Fed's Harker Backs December Hike, Says 2018 Hinges on InflationJeanna Smialek and Alister Bull
Harker wants to raise rates to give Fed crisis ammunition
No sign that inflation is running out of control ‘in any way’
Federal Reserve Bank of Philadelphia President Patrick Harker suggested he’ll likely support a third 2017 interest-rate increase next month, but said he wants to see signs of inflation moving higher before backing tightening next year.
Harker has “not at this point” seen anything that would push him away from a widely expected hike at the Federal Open Market Committee’s December meeting, he said in an interview Tuesday at the Philadelphia Fed. After that, he wants to see clear signs that inflation is accelerating before moving again.
“I have penciled in right now, in my SEP, three increases for 2018, but I will reassess that as the data comes in,” he said, referring to the Fed’s Summary of Economic Projections. “Some of the underlying numbers, like wage growth, job openings and hires, if we saw that that wasn’t translating to higher prices -- our dual mandate is very clear, it’s stable prices.”
Harker votes on monetary policy this year. He and his colleagues are trying to assess how quickly to tighten policy as the job market and prices send conflicting signals. Unemployment is at its lowest level since 2000 and employers report widespread worker shortages, yet price gains have held stubbornly below the central bank’s 2 percent goal, with core inflation just 1.3 percent in September.
While the Fed’s latest forecasts show expectations for three rate increases next year, according to the median estimate from their projections released in September, trading in federal funds futures indicate investors see only one or two hikes in 2018.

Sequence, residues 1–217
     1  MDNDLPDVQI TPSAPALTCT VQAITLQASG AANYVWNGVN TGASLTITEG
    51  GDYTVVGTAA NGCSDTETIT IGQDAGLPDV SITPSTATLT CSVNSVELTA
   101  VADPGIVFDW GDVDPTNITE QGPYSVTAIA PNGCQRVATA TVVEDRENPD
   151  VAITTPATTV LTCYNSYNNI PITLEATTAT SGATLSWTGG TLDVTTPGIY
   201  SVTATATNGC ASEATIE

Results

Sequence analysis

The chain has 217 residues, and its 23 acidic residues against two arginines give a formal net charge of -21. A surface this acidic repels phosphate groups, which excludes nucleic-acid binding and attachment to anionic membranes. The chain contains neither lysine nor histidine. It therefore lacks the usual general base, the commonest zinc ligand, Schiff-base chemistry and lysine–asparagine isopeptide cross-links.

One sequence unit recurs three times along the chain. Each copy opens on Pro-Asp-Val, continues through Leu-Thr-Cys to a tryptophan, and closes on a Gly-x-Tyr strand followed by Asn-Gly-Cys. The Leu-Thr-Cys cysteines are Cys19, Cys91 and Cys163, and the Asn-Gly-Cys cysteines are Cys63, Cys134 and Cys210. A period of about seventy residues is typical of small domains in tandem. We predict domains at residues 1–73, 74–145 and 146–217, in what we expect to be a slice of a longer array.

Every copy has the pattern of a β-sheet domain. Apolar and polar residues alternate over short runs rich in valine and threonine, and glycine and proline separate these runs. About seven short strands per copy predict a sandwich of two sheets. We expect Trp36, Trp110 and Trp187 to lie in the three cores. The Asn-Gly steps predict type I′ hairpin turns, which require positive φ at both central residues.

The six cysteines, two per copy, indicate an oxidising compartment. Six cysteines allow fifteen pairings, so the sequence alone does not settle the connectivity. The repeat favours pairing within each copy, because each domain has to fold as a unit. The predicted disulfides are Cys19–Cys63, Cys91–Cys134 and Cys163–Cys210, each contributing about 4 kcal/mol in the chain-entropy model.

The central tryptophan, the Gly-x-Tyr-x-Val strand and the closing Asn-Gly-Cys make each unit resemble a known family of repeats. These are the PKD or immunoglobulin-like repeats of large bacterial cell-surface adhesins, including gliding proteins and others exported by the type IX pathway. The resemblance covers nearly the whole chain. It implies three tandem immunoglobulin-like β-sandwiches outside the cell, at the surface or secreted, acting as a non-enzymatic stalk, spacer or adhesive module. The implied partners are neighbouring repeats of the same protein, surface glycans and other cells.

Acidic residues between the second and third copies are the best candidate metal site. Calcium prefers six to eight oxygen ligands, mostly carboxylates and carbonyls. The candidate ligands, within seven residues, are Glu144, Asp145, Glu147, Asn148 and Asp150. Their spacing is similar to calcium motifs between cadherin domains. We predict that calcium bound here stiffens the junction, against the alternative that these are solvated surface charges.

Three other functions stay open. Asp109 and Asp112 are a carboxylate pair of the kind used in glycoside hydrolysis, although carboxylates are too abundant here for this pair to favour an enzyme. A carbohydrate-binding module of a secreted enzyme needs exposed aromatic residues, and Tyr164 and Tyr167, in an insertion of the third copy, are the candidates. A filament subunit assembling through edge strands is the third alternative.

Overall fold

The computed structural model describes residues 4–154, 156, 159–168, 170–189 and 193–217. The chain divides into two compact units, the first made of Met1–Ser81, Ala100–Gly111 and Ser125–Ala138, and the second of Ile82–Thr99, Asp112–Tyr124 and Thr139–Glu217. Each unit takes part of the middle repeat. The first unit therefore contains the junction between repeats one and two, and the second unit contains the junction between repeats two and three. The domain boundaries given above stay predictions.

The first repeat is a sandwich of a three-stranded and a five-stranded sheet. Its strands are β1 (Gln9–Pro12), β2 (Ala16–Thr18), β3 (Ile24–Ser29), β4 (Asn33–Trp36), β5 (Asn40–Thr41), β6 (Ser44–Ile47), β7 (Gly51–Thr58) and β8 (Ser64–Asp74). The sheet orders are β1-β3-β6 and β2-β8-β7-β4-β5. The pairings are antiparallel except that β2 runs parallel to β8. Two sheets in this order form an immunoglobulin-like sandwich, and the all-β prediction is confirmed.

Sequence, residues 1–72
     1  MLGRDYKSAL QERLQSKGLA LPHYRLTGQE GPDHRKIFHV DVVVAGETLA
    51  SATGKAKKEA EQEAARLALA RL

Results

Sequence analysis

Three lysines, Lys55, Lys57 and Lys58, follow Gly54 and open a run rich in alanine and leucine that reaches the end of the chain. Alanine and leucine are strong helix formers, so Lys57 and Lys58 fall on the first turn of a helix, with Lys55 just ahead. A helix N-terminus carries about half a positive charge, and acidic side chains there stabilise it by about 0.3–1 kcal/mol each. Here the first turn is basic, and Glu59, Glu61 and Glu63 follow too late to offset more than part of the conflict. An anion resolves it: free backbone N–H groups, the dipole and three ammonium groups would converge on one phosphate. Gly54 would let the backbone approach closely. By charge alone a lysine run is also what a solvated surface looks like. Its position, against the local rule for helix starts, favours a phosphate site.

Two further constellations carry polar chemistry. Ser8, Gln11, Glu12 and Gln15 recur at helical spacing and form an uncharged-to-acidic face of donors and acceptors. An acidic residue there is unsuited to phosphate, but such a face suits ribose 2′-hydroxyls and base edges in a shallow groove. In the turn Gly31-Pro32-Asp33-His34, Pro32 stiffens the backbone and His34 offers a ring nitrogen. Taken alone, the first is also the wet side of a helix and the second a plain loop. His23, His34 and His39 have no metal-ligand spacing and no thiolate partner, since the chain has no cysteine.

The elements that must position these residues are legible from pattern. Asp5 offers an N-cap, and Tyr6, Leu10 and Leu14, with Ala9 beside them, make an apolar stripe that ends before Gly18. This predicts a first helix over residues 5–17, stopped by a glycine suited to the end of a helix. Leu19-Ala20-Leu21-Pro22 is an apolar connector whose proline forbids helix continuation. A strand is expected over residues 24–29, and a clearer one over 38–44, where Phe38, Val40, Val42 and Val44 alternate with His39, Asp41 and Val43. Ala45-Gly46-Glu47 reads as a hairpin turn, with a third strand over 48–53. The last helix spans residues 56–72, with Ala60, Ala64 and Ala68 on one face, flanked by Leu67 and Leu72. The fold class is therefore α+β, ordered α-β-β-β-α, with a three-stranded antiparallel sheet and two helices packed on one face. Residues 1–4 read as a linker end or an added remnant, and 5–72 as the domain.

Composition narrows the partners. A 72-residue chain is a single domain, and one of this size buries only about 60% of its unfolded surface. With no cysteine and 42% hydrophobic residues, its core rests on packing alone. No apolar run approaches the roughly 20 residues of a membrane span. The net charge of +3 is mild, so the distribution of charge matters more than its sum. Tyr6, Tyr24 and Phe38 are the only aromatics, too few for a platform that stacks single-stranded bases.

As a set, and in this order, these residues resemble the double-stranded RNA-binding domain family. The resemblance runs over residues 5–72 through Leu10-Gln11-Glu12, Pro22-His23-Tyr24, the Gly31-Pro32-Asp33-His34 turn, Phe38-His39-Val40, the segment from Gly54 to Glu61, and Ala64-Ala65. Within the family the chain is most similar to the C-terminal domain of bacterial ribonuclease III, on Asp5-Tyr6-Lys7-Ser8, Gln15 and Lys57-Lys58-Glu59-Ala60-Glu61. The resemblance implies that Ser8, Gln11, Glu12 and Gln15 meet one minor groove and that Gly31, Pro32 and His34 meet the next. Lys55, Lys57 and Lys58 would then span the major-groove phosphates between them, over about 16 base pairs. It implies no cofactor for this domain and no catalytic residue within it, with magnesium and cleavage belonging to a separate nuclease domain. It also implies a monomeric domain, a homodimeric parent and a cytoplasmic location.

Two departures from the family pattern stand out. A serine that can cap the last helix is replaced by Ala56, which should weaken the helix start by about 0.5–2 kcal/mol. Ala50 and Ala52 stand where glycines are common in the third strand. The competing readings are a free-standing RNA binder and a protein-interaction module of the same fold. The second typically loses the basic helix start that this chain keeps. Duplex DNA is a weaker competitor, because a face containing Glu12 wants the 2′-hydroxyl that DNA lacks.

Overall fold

While some Fed officials advocate lifting rates to avoid a situation where inflation shoots up abruptly, forcing them to tighten rates quickly, Harker said he sees little risk of that happening.
“I don’t see any signs that inflation is running out of control in any way,’’ Harker said, explaining that he wants to boost rates "for a variety of reasons -- but most notably to give us the leg room, that is, having the fed funds rate high enough so that if and when the next recession comes, we’ll have some room to move.”
Fiscal policy makers in Washington are attempting to pass tax reform plan, but that has little bearing on Harker’s thinking.
“We need more specificity as to what those programs would entail,” he said. “We have not yet, in our Philadelphia forecasts, put in any fiscal stimulus.”
‘Slow and Steady’
The Philadelphia Fed chief said he doesn’t see financial stability risks within regulated industries, noting that commercial real estate and subprime lending seem to be reining themselves in. He said he’s attuned to the fact that financial conditions have eased even as the Fed has lifted rates and started unwinding its balance sheet.
“That’s why I think we have to be slow and steady in terms of any hike to avoid any risk of inverting the yield curve,” he said. “That would not be a good thing.’’
The Fed is entering into a leadership transition. Chair Janet Yellen’s term expires in February, and President Donald Trump has nominated current Governor Jerome Powell to replace her.
If Yellen doesn’t stay on as a governor after her term as chair ends, it could cut the Fed Board in Washington to three members -- leaving four empty seats. The Richmond Fed presidency is also vacant, and New York Fed President William Dudley on Monday announced that he will retire in mid-2018.
Harker expressed comfort with Powell’s nomination, calling him "smart" and "reasonable," and said that with so many other positions up for grabs, the key is to avoid group-think.
“We don’t want 12 or 19 of the same person,” he said. “It’s really the portfolio of the committee that makes the committee effective.”